After getting some inspiration from this desk online, I decided to try to replicate the process myself. The original desk at that site uses a 1 foot deep model, which I find to be far too narrow for the kind of work that I do (writing, graphic design, some occasional audio work, etc.), so I went with a desk that is 16" deep. This allows me sufficient room have my computer monitor, keyboard, and plenty of space to rest my wrists. The desk itself is 4 feet wide, which gives me a significant amount more space for extra things that I could never have while working before (see photo of my old desk, if you dare), such as a graphics pad, books, beverages, and other ordinary items that a desk should logically be able to have on it.
Suffice to say I was about fed up. I also live in a relatively small cabin in Fairbanks, AK, so utilizing my minimal amount of space as best as I can was a must. Thus, the floating option. In my opinion, the wall mounted desk makes this room appear more open despite the fact that this new desk is significantly larger than the old one. I also have a lot of random stuff that I use with my computer that was sort of piled up around the old desk and on top of my computer tower, so the fact that this desk has a sizable amount of storage space is a plus as well.
TL;DR: I needed a new desk because my old one was tiny. Also a self-deprecating detour to discuss my slobish habits of leaving things on the floor.
Moving on to more important things: The construction itself is incredibly basic. You need the following components.
- (2) 4' long x 16" piece of wood (I used oak) - thickness can vary. You could also rip down a piece of plywood to keep this on the cheap.
- (2) 16" lengths of 2x6 for side pieces.
- (2 or 3) L-brackets, 10" variety.
- Stain (I used it to get a consistent coloring between the 2x6 and the desktop wood)
- Drill with a couple of drill bits
- (4) 1/4" screws
- (12) 2" screws
- Stud-finder (applicable for some, but as you can tell my whole wall is a stud)
Step 1: Stain (if You Want To)
Step 2: Mount Top Piece to Wall
I chose a spot that was between a window and a small TV-stand. The full measurement between the two was 64 inches, and the desk itself is 48 inches, so I assumed there needs to be 16 inches of buffer on the desk. I split that buffer between the two sides, and put the left side of the desk 8 inches away from the window. If you're working with a wall that has studs, find your studs and figure out where they lie within the 48 inches of your desk.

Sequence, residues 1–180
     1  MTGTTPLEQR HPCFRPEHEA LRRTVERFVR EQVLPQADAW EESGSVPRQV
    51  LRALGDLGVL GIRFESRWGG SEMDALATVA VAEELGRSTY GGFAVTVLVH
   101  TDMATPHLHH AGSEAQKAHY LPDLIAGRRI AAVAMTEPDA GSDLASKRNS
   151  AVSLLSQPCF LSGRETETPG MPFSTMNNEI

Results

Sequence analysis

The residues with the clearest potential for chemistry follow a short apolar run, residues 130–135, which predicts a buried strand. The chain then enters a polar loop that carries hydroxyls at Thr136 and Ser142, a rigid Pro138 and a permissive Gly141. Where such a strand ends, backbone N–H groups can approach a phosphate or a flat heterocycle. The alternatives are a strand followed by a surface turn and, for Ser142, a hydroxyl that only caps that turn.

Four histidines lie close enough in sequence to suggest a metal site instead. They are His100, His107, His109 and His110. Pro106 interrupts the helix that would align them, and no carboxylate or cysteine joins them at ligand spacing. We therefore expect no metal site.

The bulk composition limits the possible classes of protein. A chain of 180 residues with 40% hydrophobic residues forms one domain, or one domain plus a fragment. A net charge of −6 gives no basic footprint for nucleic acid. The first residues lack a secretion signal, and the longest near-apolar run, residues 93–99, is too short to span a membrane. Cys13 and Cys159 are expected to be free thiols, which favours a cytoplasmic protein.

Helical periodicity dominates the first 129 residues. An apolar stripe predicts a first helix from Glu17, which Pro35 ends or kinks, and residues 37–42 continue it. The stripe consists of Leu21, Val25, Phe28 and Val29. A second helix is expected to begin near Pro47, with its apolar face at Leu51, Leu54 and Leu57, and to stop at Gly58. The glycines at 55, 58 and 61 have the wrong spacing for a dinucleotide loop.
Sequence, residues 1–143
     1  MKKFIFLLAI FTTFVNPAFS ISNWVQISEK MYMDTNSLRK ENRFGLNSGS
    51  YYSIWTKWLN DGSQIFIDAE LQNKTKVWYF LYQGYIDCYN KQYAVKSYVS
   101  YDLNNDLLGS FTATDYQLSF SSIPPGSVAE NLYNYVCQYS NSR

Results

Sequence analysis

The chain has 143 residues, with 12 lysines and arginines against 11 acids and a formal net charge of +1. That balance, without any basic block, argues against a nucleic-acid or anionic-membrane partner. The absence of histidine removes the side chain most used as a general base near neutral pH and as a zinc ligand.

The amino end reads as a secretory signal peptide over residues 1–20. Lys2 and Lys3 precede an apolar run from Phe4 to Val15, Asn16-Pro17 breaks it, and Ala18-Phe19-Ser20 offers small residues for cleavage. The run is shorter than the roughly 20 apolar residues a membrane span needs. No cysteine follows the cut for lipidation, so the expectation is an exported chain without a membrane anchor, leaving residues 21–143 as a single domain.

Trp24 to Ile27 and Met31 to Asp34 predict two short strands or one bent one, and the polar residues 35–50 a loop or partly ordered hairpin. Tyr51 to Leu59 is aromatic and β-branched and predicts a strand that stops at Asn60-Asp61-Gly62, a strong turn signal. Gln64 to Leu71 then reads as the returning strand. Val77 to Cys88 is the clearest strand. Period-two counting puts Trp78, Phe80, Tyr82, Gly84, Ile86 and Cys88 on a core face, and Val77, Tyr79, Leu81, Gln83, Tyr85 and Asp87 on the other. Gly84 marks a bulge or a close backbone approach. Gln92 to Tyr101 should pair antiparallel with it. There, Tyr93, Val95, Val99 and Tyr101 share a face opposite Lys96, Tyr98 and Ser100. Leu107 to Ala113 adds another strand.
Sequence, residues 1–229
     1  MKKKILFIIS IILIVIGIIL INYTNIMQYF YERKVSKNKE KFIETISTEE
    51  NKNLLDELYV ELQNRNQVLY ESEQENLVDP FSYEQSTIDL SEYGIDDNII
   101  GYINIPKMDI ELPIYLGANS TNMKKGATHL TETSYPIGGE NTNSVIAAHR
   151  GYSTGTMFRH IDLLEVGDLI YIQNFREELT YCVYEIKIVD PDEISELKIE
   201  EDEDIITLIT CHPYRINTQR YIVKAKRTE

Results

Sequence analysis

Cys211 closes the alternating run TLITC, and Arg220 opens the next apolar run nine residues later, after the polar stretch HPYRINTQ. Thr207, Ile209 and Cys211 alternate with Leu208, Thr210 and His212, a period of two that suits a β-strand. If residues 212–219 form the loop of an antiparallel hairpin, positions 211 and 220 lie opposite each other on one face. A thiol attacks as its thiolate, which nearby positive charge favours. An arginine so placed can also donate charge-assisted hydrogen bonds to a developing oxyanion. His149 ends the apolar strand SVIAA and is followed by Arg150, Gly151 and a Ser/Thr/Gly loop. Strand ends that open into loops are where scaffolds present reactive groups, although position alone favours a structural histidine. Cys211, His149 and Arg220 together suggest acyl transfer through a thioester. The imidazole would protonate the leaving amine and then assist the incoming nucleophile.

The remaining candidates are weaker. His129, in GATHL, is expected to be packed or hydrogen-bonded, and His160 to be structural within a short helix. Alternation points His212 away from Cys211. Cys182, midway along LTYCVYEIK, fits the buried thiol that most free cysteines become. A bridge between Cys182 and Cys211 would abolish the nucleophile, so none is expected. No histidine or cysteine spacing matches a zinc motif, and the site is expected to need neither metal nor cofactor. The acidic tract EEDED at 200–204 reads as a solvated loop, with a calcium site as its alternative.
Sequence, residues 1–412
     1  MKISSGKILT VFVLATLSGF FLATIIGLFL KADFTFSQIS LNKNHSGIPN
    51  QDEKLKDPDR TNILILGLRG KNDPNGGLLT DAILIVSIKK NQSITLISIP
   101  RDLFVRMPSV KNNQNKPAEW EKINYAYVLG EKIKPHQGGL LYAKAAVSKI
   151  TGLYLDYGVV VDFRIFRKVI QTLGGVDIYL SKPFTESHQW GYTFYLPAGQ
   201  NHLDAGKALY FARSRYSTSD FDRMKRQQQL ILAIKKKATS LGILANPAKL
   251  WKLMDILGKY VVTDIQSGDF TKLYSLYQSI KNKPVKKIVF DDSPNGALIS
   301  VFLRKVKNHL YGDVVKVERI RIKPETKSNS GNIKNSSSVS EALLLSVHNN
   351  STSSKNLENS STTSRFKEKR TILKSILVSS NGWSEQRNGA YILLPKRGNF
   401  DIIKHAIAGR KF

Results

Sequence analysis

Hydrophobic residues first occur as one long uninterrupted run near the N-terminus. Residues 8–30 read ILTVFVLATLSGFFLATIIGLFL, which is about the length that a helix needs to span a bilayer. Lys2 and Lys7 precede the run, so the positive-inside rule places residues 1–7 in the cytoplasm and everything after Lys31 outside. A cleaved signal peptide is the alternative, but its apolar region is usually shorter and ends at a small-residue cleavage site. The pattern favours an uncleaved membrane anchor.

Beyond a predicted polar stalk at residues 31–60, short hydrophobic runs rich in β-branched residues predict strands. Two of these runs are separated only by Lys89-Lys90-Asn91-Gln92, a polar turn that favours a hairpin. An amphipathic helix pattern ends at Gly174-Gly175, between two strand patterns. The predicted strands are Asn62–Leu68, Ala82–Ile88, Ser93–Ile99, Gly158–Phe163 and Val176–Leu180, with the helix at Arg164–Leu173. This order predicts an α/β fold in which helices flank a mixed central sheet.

You should also take into account the height of the desk. Average desk height is between 30 and 32 inches. Many people will find that 32 inches is too tall. I am about 6 foot, and 32 inches feels perfect for me. Also, keep in mind that the bottom of the desk is going to be 6 inches lower than the top of the desk, so provide ample room for you to cross your legs, etc. You know your own sitting habits better than I do.
Once you've picked your wall space, screw the L bracket into the top piece. This part is unfortunately poorly documented. If you found studs earlier, place the brackets at that place in the top piece. Imagine that you're hanging a shelf. You will want to us the short 1/2" screws to drill up into the top piece itself, and then set it on the wall.
For my desk (since my walls are log, and I can support the desk wherever) I put the braces at either end. If you are considering putting your braces at the very end, keep in mind that you will have to add the side pieces in the next step, and thus you need to provide at least 2 inches from the edge for the L-bracket (see photo)
By the end of this step what you should have is essentially a simple shelf. Make sure that it is level from multiple angles (I had to shim my L-brackets to get the desk to come out from the wall at a right angle), and then set the screws.
Step 3: Construct Bottom Section
Step 4: Drill Pilot Holes in Top Piece.
I found that towards the end it was easier to use a screwdriver to get the last few cranks on the screws to get them to set deeper into the wood and pull the bottom piece up as tightly as possible.
At this point everything should settle into place perfectly, assuming that your pilot holes lined up properly.
Step 5: Use It?
Again, all credit is due for the original design to Maggi's floating desk on designsponge. Looking at her tutorial provides a good abbreivated version of what I have written here, but I figured I would post this so that the design is available through instructables, and I could also clarify some areas that I felt Maggi's instructions were a little vague on.